Instead, President Trump focused on Palestinian President Abbas and Israeli Prime Minister Netanyahu as the committed partners for peace, adding only that the Arab world would like to see the two leaders reach a bilateral agreement.
Standing next to Abbas, Trump said, "If Israel and the Palestinians can make peace, it will begin a process of peace all throughout the Middle East", and that such an event "would be an wonderful accomplishment".
From its earliest days, the fundamental premise behind the Israeli-Palestinian peace process was that the Palestine Liberation Organization (PLO) was finally ready to put down its guns, give up its dream of destroying Israel, and compromise.
Speaking to a group of Israelis in occupied Jerusalem on Tuesday, Trump said he is "personally committed to helping Israelis and Palestinians achieve a peace agreement". "I also firmly believe that if Israel and the Palestinians can make peace, it can begin a process of peace all throughout the Middle East and that will be an wonderful accomplishment", he said.
He added, "And Iran's leaders routinely call for Israel's destruction ..."
Michael Oren, a deputy minister in Netanyahu's coalition government and a former Israeli ambassador to Washington, said the vagueness with which Trump addressed the Israeli-Palestinian issue coupled with his sharp condemnation of Iran and terror dovetailed comfortably with current Israeli thinking.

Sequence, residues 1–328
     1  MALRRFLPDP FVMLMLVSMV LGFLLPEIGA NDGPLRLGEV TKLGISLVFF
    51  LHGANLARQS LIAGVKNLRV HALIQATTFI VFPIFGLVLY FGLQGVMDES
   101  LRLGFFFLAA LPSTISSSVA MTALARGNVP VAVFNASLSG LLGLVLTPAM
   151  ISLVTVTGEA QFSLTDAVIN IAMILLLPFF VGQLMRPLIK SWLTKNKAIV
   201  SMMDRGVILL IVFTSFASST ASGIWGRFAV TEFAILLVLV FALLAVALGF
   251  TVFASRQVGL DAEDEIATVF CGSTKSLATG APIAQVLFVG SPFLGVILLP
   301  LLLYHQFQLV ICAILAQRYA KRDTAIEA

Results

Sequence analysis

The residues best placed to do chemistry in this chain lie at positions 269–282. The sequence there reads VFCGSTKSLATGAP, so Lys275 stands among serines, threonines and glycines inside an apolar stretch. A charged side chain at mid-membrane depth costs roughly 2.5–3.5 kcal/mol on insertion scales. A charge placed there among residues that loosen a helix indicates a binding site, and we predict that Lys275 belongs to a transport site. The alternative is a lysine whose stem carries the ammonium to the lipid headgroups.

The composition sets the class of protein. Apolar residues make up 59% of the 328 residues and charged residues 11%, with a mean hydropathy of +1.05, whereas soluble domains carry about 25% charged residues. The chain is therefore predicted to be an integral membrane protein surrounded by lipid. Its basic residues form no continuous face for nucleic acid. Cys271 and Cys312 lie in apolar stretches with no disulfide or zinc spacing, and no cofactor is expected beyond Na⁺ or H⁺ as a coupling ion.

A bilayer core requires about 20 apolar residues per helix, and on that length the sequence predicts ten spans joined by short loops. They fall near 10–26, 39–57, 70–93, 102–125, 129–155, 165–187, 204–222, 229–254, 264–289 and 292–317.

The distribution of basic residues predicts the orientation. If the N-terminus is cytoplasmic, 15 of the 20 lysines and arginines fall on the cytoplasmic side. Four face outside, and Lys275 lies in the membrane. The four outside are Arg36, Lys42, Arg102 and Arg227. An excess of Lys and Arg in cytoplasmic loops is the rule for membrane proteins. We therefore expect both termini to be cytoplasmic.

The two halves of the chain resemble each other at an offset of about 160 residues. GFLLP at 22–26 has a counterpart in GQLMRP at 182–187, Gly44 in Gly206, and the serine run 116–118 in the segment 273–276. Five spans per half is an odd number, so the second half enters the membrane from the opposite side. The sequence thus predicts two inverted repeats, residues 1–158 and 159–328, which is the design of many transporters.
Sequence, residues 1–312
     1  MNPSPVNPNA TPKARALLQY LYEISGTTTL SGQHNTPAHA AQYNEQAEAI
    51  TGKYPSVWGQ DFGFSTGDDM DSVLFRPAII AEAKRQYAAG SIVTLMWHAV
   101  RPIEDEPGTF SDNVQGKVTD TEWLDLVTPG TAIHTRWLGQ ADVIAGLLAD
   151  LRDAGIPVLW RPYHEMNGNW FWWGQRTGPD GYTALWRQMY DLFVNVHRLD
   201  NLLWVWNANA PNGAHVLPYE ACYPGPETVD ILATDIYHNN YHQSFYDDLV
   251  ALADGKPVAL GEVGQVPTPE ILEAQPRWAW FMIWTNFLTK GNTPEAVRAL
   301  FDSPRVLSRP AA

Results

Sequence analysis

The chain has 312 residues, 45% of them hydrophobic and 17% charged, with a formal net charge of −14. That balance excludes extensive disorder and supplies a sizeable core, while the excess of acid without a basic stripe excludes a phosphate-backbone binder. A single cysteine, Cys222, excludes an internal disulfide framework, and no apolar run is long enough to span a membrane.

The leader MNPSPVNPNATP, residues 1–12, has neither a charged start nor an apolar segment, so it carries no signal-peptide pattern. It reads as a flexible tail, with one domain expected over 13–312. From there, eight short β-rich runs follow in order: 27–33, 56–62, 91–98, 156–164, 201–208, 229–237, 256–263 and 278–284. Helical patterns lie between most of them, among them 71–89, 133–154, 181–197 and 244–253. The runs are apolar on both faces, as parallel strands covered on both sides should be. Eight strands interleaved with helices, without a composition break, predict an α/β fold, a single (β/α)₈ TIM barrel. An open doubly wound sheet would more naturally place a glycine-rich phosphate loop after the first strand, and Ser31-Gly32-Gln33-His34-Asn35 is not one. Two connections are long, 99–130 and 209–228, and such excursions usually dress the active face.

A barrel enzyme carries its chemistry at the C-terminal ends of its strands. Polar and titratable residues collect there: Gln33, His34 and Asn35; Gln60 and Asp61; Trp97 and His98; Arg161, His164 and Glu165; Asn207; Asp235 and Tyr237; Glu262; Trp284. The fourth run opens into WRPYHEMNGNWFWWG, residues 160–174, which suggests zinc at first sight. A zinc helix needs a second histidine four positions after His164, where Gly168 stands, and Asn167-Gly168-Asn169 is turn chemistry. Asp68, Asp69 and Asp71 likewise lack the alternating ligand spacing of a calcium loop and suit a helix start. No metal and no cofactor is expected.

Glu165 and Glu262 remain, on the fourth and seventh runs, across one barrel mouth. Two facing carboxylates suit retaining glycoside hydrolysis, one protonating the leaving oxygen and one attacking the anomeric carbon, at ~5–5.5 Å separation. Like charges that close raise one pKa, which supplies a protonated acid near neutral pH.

TRUMP: There are those who present a false choice.
He reiterated the Palestinians' demands, including establishing a capital in East Jerusalem, insisting that "our problem is not with the Jewish religion, it's with the occupation and settlements, and with Israel not recognising the state of Palestine".
Rivlin, whose family has lived in Jerusalem since 1809, said the city "is the heart of the state of Israel, and the Kotel (Western Wall) is the heart of Jerusalem". The area, captured by Israel in 1967, is not sovereign Israeli territory and Palestinians there are not Israeli citizens and do not have the right to vote. The U.S. president also omitted a key phrase. "Without Israeli sovereignty what happened in Mosul, Aleppo and Sana'a will happen here", he said, referring to the cities destroyed during the conflict of the Syrian civil war.
During his visit to Israel, Trump spent his time close to open microphones, giving the world a small glimpse into his private banter with Israeli Prime Minister Benjamin Netanyahu, according to a report by news agency AP.
There was no official criticism of Israel's occupation and other violations of worldwide law and numerous United Nations resolutions.